Poland and Hungary’s threatening to block the EU budget because of the link between the Multi-Annual Financial Framework (MFF) and the rule of law, in combination with their continued undermining of the rule of law domestically has led to a debate on whether these countries should remain in the EU. In this post PhD student Kees Cath argues that working towards expulsion would not be appropriate at this point.
The opinions expressed in this article are the author’s own point of view.
By Kees Cath
In this post Kees Cath argues in respect to the situation in Hungary that the European Commission should act without any delay to prevent further rule of law backsliding. The opinions expressed in this article are the author’s own point of view and do not represent the government’s official position.
Orbán an unlikely student of Jean Monnet?
“People only accept change when they are faced with necessity and only recognize necessity when crisis is upon them.”
Paraphrased, Jean Monnet seemed to underline the age-old adagio “never waste a good crisis”. There have been plenty of crises within the EU. Over the past few years the Union is engaged in what seems addressing one crisis after the other, from the Euro-crisis to the migration-crisis and from the Brexit-crisis to the Corona-crisis.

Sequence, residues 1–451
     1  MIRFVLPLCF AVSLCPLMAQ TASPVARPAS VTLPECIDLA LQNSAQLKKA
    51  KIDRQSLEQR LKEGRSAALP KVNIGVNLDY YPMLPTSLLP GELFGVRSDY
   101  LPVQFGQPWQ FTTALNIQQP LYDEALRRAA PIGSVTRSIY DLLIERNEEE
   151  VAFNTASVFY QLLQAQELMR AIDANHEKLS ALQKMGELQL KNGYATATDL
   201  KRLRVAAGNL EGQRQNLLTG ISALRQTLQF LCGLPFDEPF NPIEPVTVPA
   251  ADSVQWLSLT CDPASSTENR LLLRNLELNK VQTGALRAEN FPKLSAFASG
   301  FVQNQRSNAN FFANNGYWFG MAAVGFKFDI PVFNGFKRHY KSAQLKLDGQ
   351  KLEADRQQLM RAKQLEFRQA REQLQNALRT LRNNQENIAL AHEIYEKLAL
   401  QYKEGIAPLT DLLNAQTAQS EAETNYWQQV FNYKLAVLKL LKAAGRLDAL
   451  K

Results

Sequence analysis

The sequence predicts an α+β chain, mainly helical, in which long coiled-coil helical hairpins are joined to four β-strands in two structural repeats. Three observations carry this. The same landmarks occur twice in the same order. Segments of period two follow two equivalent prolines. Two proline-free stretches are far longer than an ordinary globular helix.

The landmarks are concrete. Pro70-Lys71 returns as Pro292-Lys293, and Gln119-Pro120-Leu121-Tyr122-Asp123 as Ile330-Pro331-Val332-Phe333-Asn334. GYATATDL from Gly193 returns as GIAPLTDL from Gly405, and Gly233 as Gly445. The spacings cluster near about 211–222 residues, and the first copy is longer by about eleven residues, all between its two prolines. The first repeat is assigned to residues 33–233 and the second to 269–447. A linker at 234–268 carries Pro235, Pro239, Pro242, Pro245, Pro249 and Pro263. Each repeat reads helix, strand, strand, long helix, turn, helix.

Yet there seems to have been one European leader – though not evidently a student of Jean Monnet – that ironically did follow this advice scrupulously, yet erroneously. The changes instituted by the Orbán government are more far reaching, and have the effect of (further) undermining the Hungarian democracy. By amongst others declaring a state of emergency, ruling by decree indefinitely – with only the Fidesz two-thirds majority in parliament to provide for a possible check or reverse – Orbán has effectively legalized his (informal) hold over the Hungarian state. Within a package of already far reaching emergency measures the high penalties for spreading ‘fake news’ stand out as particularly disheartening. Even if no journalist is (ever) sentenced, the chilling effect on an already crippled media landscape, can be further reason for alarm. With Hungary effectively in lock-down, public demonstrations against the measures, as were visible against the 2018 elections or the 2019 ‘slave law’, seem impossible. So what has happened and who has been able to respond, and if so in what way?